Noe Valley Voice June 2005

Bylines: Starbucks Birthday

By Robin Dutton-Cookston

Birthday expectations get lowered when one becomes a parent.

When I turned 22, my college roommates went berserk and threw me a huge surprise party. Our flat overflowed with about 70 of my closest friends, all jostling to make a big fuss over me. (And I desperately needed the attention.) Bouquets of fresh flowers jazzed up our hand-me-down end tables, and sarcastic hand-lettered posters poked fun at the birthday girl from walls in every room. With all of the unbridled lust and hyperactivity of your typical red-blooded liberal arts majors, we devoured a giant cake and floated a keg of Shiner Bock in about 47 minutes. I loved it.

What a difference a decade makes.

When I turned 32, I met a gang of friends at the Starbucks on 24th Street the night before my birthday to discuss plans for a childcare cooperative. We didn't mean for it to be an impromptu celebration of my existence, but it was the best I could hope for at this juncture.

There were many reasons I couldn't party like it was 1999. My family's bank account (or lack thereof) provided only enough babysitting cash to hire an escaped convict or a financially clueless golden retriever. This situation long ago booted us out of the realm of decent affordable nighttime childcare.

Grandparents were too far away to come over and help out while mama and daddy dined someplace fancy. We didn't have enough old friends in San Francisco to throw me a shindig. Those who had the intentions sure as heck didn't have the time--too busy wrangling kiddos, work, and chaos of their own.

(And who wants to get drunk these days anyway? No matter what time I go to bed, my daughter, Grace, will still start hitting me in the face at 6:30 a.m., yelling, "MOMMY, get up! No get up, Daddy! MOOOOmy! Get up now!")

With this in mind, I interrupted our co-op discussion on the appropriate filling for the toddlers' organic, whole-wheat, hormone-free sandwiches to declare our corporate coffeehouse gathering the site of my official birthday party. A Starbucks bash! Almost as cool as having your age-10 fete at McDonald's, except the coffeeshop party seemed a trifle more pathetic.

I put aside the lack of hipness and focused on the inherent joy of being out of the house after dark and during a time when I usually fold a month's worth of underwear or pass out in front of hubby Jeff's TiVo-ed University of Texas basketball games. Empowered by my proclamation, I sat back and silently congratulated myself on doing what all the mama self-help books say by "taking care of me."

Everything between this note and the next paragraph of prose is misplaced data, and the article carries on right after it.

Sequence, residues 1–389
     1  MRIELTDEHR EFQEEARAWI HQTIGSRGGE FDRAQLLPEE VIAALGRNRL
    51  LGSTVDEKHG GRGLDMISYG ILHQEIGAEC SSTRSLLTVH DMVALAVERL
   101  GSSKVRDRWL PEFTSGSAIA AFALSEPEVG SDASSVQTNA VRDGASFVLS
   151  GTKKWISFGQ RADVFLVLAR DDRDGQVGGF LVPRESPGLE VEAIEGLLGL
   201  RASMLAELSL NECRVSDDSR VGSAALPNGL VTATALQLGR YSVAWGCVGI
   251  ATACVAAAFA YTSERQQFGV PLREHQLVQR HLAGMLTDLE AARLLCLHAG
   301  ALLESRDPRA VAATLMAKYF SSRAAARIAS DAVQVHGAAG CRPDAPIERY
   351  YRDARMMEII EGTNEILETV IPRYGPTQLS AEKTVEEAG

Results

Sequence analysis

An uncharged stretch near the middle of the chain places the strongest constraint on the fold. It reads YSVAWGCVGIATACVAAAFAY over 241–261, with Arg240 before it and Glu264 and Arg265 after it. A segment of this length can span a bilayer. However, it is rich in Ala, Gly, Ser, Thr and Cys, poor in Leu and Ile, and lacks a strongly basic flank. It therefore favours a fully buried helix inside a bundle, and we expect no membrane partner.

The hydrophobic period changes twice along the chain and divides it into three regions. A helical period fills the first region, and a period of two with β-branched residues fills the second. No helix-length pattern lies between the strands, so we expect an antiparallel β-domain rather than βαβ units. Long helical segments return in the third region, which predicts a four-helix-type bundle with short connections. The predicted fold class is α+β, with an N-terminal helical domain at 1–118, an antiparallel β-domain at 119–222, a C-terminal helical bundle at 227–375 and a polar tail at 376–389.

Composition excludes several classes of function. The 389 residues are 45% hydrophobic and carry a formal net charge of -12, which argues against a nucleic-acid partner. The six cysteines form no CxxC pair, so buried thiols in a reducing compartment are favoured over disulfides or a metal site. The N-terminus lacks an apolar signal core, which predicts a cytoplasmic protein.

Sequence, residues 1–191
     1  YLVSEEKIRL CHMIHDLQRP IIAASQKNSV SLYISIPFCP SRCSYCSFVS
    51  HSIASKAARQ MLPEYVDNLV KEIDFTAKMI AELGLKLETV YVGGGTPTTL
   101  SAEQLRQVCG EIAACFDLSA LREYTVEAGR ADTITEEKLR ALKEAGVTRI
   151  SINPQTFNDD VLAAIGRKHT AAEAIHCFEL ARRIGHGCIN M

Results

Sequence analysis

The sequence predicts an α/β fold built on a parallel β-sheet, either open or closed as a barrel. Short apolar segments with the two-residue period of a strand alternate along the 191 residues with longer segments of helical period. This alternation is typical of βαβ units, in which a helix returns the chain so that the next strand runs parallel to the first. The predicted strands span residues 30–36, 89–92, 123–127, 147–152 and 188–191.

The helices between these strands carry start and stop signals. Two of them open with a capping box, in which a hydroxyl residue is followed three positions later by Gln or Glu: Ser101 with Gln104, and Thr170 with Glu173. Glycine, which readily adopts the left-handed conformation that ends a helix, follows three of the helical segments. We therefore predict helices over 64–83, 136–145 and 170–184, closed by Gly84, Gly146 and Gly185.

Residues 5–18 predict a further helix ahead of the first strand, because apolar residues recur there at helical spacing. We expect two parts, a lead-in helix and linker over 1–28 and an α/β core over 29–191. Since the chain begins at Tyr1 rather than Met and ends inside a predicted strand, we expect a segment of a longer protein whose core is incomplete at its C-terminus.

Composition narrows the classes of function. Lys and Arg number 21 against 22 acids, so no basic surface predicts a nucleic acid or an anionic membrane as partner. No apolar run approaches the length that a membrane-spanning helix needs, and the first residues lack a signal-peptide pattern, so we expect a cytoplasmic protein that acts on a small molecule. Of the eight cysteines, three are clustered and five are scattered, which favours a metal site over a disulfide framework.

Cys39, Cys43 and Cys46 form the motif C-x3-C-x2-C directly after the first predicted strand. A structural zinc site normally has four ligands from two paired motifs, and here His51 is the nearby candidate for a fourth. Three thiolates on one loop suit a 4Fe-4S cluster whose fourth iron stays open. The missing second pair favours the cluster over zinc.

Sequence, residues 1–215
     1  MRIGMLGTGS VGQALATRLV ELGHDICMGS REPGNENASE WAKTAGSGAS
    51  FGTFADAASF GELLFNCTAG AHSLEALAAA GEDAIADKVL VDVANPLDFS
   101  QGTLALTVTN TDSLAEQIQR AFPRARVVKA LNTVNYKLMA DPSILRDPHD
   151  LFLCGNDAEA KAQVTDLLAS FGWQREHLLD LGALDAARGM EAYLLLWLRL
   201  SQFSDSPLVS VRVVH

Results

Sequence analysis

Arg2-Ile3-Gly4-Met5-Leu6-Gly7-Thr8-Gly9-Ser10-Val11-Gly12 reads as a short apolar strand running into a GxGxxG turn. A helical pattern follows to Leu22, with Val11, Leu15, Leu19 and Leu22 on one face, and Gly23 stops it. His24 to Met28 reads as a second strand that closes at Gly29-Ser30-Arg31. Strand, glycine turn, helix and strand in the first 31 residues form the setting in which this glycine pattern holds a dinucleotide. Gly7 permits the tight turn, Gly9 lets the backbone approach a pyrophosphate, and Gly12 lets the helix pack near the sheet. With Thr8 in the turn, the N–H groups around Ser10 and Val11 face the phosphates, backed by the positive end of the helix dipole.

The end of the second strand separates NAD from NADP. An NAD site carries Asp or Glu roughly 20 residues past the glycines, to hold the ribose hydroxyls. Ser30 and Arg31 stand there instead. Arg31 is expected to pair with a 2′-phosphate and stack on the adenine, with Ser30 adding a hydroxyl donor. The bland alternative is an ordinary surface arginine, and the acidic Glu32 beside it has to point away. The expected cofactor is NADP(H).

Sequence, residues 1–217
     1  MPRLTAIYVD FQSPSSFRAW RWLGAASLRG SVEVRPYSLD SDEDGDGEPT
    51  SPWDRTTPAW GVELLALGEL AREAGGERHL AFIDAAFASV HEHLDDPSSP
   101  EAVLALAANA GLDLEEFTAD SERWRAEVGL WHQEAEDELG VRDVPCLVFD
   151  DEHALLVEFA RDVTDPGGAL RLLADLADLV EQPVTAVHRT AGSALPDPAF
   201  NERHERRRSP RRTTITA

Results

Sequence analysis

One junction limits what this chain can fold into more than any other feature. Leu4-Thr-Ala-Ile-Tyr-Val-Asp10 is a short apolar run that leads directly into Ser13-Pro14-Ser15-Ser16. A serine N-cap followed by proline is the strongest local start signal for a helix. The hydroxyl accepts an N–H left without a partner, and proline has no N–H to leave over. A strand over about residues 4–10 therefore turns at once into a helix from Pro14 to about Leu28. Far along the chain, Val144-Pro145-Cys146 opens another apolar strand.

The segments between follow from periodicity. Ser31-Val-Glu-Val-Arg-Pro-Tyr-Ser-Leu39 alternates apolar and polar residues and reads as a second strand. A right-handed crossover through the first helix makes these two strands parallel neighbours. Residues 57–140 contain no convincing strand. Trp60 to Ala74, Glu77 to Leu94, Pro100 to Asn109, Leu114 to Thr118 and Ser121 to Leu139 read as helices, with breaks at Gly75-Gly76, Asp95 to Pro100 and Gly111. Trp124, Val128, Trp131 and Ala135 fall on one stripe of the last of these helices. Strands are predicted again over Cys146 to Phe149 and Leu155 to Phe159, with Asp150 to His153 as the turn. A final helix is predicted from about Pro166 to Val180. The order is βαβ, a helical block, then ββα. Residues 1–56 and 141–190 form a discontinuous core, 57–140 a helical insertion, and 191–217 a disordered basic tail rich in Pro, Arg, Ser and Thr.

We had no cake. No keg. No witty limericks on the bathroom walls paying homage to my very being. Yet I felt as much gaiety as I did 10 years prior. Just being out in the world after 6:30 p.m. thrilled me no end. The stale decaf and crusty end-of-the-day baked goods at Starbucks evoked much more satisfaction than, say, the fourth cup of flat Schlitz on an empty collegiate stomach.

I mused that as my comrades and I cross the border into Grown-Up Land and accumulate more responsibilities, we can more deeply appreciate the few snatches of adults-only fun we manage to gather. In college, I frolicked all day long, taking time in between parties and sorority business to attend class or work at my 15-hour-a-week job. I was lucky. True obligations were few and far between.

But I am lucky now too, I thought, and smiled across the table at the funky, clever mamas with whom I spend a great deal of my time.

Starbucks kicked us out at 10 o'clock, but the night was young. It was way too early to go home to sleeping tots and computer-zombie spouses. No one wanted our big night to end, but two of my partners in nightlife were pregnant, and another one was nursing a 6-month-old. We weren't exactly martini material.

So we stood outside of Starbucks for two hours and babbled at each other, jumping around to stay warm and comfortable on tired feet. Finally, a delivery truck pulled up, and the stink of its exhaust drove us away.

At the end of the evening, I shuffled up Sanchez Street, sober and alert, craning my neck to gaze at the starry sky with gratitude and amazement. A deep sense of serenity washed over me, like I had just found one of my post-cesarean Vicodins. It felt good to realize that I needed a lot less fussing over than on previous birthdays, that I could find a calm satisfaction in the many rich blessings of my life: good home, good family, good friends.

I crept in the front door to see Jeff hunched over the laptop, doing his part to keep us financially afloat in a city where one month's rent can feed a family in Pakistan for a year. Grace snoozed peacefully in her bed, her cherubic lips and rosy cheeks puffed out, just like when she was a newborn.

Nah, I don't have lowered expectations for my birthday. I already have everything I need.

Cesar Chavez Street resident Robin Dutton-Cookston first appeared in the Noe Valley Voice in the December 2004/January 2005 issue. She also writes a column, "The Foggiest Idea," for, a web zine for parents who need to laugh so they won't scream.

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